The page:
Tag Archives: mining fuels

Optimising mining operations with used oil analysis

To gain a competitive advantage, it is imperative to get the most out of your hydraulic fluid, Petro-Canada Lubricants’ Neil Buchanan* says.

It starts by selecting the right oil. This means not only using a high-performance hydraulic fluid, but choosing the correct viscosity for each pump and motor, as well as considering the temperature range the fluid must operate in.

For a mining operation, with the sheer range of equipment used – from 260 t haul trucks, to hydraulic shovels, front end loaders, right through to drills, bulldozers and cranes – and the tough conditions it is exposed to, there are a lot of individual components to consider and decisions to make; all the more reason to maximise the use of your fluid.

But it is not just about oil selection: what you do with the oil when the system is running can be equally important.

Running regular used oil analysis as part of a maintenance program can provide operators the opportunity to catch an impending failure before it becomes catastrophic. Unplanned downtime costs time and money; used oil analysis can help avoid it.

The basic principles

Used oil analysis enables operators to monitor and optimise the life of a system and its hydraulic fluid. Typically carried out in a simple three-stage process, used oil analysis involves taking a representative sample of the fluid, sending it to a qualified used oil analysis laboratory and then interpreting and acting on the recommendations of the results.

Most mines undertake used oil analysis, but, when incorporated into a reliability centred maintenance program, the process can enable lubricant technical service advisors and mine personnel to evaluate trends over time, which not only helps to get ahead of system failure but provides a basis for better informed maintenance decisions.

Monitoring key properties

Regularly monitoring the key properties within the hydraulic fluid can give an insight into hidden and potentially harmful contamination, invisible to the naked eye.

Viscosity, the fluid’s resistance to flow, is one basic property measured in used oil analysis. However, viscosity is a lagging indicator, proceeded by additive depletion and oxidation which increases the fluids acid number (AN). Acid number was previously referred to as total acid number (TAN).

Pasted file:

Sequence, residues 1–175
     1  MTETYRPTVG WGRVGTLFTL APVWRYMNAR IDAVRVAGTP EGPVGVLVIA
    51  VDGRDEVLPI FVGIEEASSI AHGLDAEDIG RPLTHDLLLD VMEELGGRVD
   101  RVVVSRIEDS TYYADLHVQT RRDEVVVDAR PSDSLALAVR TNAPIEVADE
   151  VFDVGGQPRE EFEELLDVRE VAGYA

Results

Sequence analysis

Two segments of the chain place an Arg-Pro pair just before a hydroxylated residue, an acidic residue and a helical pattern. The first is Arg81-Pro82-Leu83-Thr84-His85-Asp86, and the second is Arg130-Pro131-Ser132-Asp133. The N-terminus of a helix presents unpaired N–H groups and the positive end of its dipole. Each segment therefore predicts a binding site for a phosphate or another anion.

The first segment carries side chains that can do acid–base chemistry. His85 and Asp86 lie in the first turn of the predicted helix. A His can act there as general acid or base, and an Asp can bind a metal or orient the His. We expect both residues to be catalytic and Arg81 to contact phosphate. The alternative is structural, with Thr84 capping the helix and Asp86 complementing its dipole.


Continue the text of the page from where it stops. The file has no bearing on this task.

Another property that should be regularly monitored is oxidation, which occurs when the fluid is exposed to high temperatures and air (oxygen) and is common in hydraulic systems. The rate of oxidation doubles for every 18°F increase from 150°F, which highlights the importance of hydraulic oil temperature to its life. The impact of oxidation is a darkening of the oil, an increase in viscosity and potential sludge, varnish and deposit formation.

Using the data

Perhaps the most important step – and the one that will give operators the greatest advantage – is to effectively manage and interpret the fluid data accrued from the analysis quickly to enable effective decision making. Digital diagnostics and customised asset management reporting are two of the tools used to secure rapid sample results. Utilising oil diagnostics keeps an operation one step ahead by using the latest technology to proactively track where maintenance is needed and predict where it will be needed in the future.

While used oil analysis is widespread among the mining industry, not every mine is using it to the full extent they could. Using oil analysis as a predictive tool can help operators ensure they get the maximum life possible from their hydraulic fluid and move away from time consuming, reactive maintenance.

*Neil Buchanan is Senior Technical Services Advisor for Petro-Canada Lubricants, a HollyFrontier business

FuelActive ready to clean up diesel engine sector

FuelActive has announced new investment, grant funding, and leadership changes as it drives the global expansion of its innovative technology solutions for diesel engines.

FuelActive’s technology ensures the cleanest fuel available is supplied to the fuel lines of diesel engines and is the first line of protection against contaminated diesel in many industries including mining, it says.

The patented FuelActive® unit replaces the standard pick-up pipe and only picks up the cleanest fuel in the tank, according to the company. This is achieved by using a floating pick-up pipe to draw fuel from the upper level; leaving water and sediment behind at the bottom of the tank.

Such technology has previously been used successfully on a Komatsu 930E haul truck equipped with a Cummins QSK60 engine at the Los Pelambres mine, in Chile.

Benefits to operators include the elimination of fuel-related breakdowns, reduction in accelerated maintenance costs and extended injector life, the company says.

“When fitted from new, an engine stays closer to its specified performance for longer and is more reliable,” FuelActive says. “Burning cleaner diesel reduces toxic engine emissions, supporting compliance with clean air regulations.”